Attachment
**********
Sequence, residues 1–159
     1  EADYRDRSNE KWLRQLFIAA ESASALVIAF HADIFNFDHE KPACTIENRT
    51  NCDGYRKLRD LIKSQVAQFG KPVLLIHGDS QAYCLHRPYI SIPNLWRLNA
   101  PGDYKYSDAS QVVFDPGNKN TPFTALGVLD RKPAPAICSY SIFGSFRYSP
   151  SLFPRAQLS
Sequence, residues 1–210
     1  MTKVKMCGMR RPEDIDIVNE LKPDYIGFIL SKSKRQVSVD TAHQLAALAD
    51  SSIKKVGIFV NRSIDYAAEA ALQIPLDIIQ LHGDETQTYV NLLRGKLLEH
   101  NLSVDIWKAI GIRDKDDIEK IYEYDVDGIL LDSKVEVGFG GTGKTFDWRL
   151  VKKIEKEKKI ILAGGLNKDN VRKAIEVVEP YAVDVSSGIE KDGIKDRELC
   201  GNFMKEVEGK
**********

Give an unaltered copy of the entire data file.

Sequence, residues 1–159
     1  EADYRDRSNE KWLRQLFIAA ESASALVIAF HADIFNFDHE KPACTIENRT
    51  NCDGYRKLRD LIKSQVAQFG KPVLLIHGDS QAYCLHRPYI SIPNLWRLNA
   101  PGDYKYSDAS QVVFDPGNKN TPFTALGVLD RKPAPAICSY SIFGSFRYSP
   151  SLFPRAQLS
Sequence, residues 1–210
     1  MTKVKMCGMR RPEDIDIVNE LKPDYIGFIL SKSKRQVSVD TAHQLAALAD
    51  SSIKKVGIFV NRSIDYAAEA ALQIPLDIIQ LHGDETQTYV NLLRGKLLEH
   101  NLSVDIWKAI GIRDKDDIEK IYEYDVDGIL LDSKVEVGFG GTGKTFDWRL
   151  VKKIEKEKKI ILAGGLNKDN VRKAIEVVEP YAVDVSSGIE KDGIKDRELC
   201  GNFMKEVEGK